|Jul/Aug 2003 • Poetry|
The chopper with the mail barely made it
to the valley firebase where VC bursts
blossomed like red poppies from the bush,
to bring old news from home and take back
wounded and, if space allowed, the dead.
I have a letter, not too thick, postmarked
March. But this is May, almost June,
and it's the first from home since Christmas.
It begins with dear and ends with sorry,
please forgive, and blames the stupid war.
Why should I blame the war? The war
did not betray my trust. I never trusted it.
The war did not forsake my bed. We never slept
together more than minutes in a hole, mud
and fleas huddled in with me, threesome of dread.
I had carried an old vision in my head of home,
of soft breasts, thighs parting, after brimming eyes
greeted me as I filled the doorway of the house,
returned at last, to love, a shared life of years
among books, symphonies, laughter and talk,
a war that seized me with peremptory legalities,
had interrupted. Nine thousand miles
from the low bungalow encroaching on the river,
rage held me in a vise. Twisting, I sought enemies
but found none I could blame for any sin at all.
Recollections in Turmoil
Here I sit, an old spider, patiently placing word
after word, hoping the whole will hold some meaning,
some basic revelation, some eternal certainty
and the accident of perfection that is finally each life.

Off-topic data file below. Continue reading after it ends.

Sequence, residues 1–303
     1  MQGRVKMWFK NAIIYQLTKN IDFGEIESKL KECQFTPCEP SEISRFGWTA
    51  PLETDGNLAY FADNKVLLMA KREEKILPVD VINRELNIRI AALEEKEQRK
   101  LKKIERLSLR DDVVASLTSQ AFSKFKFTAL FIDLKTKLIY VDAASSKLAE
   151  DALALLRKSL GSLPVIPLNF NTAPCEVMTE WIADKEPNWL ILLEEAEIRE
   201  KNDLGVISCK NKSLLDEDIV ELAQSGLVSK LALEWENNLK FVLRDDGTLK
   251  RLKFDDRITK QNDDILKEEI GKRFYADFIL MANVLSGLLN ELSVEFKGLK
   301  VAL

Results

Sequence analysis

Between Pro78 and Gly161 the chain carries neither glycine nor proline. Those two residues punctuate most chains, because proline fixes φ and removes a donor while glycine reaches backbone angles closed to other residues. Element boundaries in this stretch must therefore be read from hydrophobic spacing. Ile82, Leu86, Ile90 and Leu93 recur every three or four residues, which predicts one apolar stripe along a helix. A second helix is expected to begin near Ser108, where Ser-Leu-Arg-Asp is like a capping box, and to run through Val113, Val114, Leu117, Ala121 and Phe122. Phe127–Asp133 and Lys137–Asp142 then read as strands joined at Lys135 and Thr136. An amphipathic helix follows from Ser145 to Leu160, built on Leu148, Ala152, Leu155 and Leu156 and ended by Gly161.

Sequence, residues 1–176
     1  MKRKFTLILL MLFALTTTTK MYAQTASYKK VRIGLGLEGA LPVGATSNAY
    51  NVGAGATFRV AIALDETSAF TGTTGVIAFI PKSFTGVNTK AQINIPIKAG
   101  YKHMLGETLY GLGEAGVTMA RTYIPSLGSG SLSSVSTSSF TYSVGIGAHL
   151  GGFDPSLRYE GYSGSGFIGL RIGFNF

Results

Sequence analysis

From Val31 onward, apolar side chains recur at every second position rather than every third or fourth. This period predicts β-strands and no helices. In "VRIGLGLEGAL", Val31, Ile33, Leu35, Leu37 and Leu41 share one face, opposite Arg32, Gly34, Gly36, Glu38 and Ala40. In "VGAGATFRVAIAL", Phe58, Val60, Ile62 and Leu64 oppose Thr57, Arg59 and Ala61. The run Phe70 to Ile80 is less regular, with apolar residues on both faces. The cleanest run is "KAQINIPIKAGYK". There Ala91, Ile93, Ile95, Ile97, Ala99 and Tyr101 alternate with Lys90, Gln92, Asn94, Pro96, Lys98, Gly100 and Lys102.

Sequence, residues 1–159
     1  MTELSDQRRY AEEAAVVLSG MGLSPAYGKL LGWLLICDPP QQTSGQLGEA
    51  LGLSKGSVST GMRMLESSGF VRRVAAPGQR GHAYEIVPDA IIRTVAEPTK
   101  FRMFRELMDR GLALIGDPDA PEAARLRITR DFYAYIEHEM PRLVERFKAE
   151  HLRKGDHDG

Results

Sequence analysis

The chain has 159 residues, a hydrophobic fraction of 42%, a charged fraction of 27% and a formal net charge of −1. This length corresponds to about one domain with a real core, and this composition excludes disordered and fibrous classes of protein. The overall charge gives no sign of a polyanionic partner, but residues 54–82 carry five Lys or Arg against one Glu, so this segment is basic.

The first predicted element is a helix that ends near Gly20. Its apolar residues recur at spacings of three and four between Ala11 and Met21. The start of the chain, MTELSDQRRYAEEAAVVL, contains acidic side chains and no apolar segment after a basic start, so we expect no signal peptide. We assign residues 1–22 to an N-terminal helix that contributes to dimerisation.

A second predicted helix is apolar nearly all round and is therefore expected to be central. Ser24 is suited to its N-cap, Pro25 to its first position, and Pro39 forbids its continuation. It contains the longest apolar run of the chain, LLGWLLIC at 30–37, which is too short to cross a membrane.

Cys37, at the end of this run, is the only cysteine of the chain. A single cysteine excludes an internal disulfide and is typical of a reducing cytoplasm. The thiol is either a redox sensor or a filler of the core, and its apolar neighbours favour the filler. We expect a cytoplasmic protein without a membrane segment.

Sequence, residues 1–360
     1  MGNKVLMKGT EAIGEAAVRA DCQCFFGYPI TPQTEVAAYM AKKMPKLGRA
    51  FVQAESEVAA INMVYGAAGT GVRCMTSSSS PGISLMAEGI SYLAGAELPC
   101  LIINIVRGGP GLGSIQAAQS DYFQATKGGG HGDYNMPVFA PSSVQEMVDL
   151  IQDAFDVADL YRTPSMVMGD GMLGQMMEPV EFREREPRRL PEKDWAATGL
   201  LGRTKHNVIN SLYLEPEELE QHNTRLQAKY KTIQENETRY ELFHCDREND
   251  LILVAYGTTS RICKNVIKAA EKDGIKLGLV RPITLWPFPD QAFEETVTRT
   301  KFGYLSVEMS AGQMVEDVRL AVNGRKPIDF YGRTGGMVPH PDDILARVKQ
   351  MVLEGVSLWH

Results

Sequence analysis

All metaphors are caskets in which to bury half-
known feelings we attempt to name, rages intuited,
or loves that ripened slowly like soft cheese we desired
to feast on, despite its bouquet of decay.
I have not lived peacefully! Why should I then be
tranquil when I write poems; pretend the words
I confiscate from abstract decoys in order to possess and
brand them as my own with immediate joy, immediate
despair, and the laughter of a man about to hang,
leave me cool and distant as a star whose light reaches us
long after it has died. No, they are something else,
if you like, dancing partners held with fiercest passion,
and uncertainty as well. Bitch Goddess! I am
your suitor in hand-me-down trousers, your ugly frog
who wishes nothing more than to be changed into the blond
prince of my Jewish dreams by your prized kiss.
I know full well that I may end stiffly spurned, holding
nothing but myself in tired and arthritic hands, on a hard bench
in the ghetto of old age, and yet I keep on rising
every time the quartet in the mind strikes up another tune.